Abstract 20173: Mechanism Of Low Transvalvular Aortic Stenosis : Geometry, Resistance, and Function
Background: There exists a discrepancy between the degree of severity based on mean transvalvular gradients (mPG) and the stenotic valve area (AVA) calculated by the continuity equation in severe aortic stenosis (sAS). The aim of this study is to clarify the mechanism of low gradient sAS.
Methods and Result: We retrospectively studied two-dimensional and Doppler echocardiography data of 134 consecutive patients with severe AS (AVA <1.0cm2) and preserved left ventricular ejection fraction (LVEF) (>50%) in order to assess properties of circulation, valve, ventricular function and geometry. Of these patients,72 (53%) had high gradients defined as mPG >30mmHg (HG group) and 62 (47%) had low gradients. (LG group) (mPG<30mmHg) The values of arterial systolic blood pressure were similar in two groups, although the mean systemic blood pressure and the systemic arterial resistance was markedly higher in LG group. The AVA and the valvular resistance were significantly higher in HG group, which suggests the stenosis is in fact more severe in HG group than that in LG group. Table shows the comparison of indices of LV geometry and function. Overall, HG and LG patients generally had concentric LV hypertrophy or remodeling. The LV mass index and the relative wall thickness were much higher in HG group, which suggests LV remodeling/hypertrophy may be due to valvular resistance. Compared with HG group, stroke volume, cardiac output and mean transvalvular flow rate were lower in LG group, and flow acceleration time(AT) and AT to ejection time ratio were markedly lower in LG group, which implies impaired ejection dynamics in LG group may be related to increased net afterload e.g. high valvulo-arterial impedance and net resistance (valve resistance+vascular resistance).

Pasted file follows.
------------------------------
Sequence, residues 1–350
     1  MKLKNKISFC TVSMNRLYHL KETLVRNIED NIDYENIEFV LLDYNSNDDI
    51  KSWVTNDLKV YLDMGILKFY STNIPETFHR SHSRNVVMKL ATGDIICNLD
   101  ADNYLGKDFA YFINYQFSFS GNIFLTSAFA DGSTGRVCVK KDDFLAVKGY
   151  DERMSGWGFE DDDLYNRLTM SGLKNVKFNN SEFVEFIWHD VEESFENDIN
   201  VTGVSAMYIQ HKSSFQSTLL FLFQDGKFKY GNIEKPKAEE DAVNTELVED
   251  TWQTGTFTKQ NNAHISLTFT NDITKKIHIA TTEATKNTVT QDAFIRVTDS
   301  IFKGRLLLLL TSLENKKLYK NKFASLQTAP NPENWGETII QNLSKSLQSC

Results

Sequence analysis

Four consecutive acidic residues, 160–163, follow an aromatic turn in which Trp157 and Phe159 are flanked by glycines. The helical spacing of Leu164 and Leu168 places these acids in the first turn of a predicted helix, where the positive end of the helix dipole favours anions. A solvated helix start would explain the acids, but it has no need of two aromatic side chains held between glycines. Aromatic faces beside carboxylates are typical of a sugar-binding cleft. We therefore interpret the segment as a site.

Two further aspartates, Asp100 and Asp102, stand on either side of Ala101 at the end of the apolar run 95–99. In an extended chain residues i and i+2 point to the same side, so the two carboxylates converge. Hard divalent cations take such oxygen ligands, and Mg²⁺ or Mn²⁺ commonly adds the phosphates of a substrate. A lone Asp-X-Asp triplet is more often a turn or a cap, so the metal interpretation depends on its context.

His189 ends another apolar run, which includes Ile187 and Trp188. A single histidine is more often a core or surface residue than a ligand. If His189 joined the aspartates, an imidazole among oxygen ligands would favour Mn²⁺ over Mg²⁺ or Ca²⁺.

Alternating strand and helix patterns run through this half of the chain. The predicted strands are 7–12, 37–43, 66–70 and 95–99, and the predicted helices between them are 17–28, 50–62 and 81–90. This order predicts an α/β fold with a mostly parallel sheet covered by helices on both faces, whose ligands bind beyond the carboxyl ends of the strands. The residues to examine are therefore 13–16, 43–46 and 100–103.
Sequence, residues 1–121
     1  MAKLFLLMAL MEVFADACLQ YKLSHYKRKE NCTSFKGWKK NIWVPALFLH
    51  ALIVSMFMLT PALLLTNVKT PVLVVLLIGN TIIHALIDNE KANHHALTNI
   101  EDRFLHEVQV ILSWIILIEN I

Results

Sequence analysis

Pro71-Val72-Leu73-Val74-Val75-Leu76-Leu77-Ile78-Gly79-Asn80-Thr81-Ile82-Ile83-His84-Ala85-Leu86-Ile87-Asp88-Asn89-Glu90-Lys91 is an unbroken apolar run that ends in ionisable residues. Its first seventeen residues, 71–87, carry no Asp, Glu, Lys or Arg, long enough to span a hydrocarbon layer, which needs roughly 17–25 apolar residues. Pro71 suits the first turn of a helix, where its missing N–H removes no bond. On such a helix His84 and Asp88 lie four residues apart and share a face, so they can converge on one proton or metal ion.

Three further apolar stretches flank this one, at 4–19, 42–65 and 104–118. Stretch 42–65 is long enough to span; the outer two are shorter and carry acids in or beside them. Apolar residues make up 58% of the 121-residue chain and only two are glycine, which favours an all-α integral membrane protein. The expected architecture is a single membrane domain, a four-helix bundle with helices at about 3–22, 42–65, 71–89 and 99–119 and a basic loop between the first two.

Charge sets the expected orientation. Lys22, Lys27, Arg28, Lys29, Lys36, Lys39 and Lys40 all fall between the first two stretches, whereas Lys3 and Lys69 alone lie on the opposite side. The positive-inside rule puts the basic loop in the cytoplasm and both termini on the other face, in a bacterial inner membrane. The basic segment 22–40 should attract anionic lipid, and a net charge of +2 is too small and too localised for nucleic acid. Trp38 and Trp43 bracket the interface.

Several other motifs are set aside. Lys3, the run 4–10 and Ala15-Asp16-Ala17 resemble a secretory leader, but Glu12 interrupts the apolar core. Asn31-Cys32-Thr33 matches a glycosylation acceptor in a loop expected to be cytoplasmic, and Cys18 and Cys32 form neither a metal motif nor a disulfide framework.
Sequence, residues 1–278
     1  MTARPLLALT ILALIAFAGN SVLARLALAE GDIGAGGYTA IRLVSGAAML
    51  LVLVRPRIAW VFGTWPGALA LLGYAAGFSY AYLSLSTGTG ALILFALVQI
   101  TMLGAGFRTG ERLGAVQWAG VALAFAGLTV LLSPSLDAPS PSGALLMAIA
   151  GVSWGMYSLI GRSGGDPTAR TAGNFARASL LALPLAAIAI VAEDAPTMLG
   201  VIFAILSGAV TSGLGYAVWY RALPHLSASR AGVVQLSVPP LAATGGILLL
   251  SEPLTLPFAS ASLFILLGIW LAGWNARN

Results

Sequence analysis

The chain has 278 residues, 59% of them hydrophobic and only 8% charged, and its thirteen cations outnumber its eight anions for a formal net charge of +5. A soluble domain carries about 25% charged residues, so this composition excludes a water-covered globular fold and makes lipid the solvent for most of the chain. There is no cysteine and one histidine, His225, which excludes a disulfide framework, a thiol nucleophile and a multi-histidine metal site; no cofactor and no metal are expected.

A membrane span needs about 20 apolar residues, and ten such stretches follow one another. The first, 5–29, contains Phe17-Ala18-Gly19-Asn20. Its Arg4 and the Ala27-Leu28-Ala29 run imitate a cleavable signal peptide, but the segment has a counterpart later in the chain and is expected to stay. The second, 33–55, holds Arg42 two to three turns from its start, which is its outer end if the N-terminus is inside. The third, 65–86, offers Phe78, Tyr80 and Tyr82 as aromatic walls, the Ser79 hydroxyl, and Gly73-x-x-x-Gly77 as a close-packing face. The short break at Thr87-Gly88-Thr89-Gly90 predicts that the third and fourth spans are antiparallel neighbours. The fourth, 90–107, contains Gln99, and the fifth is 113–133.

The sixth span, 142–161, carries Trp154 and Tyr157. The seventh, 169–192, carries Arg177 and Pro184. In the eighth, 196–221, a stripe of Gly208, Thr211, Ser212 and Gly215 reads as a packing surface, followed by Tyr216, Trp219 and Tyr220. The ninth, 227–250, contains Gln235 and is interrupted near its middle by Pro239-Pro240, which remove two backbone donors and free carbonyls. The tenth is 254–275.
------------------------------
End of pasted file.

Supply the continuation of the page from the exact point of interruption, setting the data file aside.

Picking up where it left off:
Conculusion: HG group had more severe valve stenosis as compared to LG group in which global LV load is more pronounced leading to impaired ejection dynamics and resultant low flow, low pressure gradient state.
- © 2010 by American Heart Association, Inc.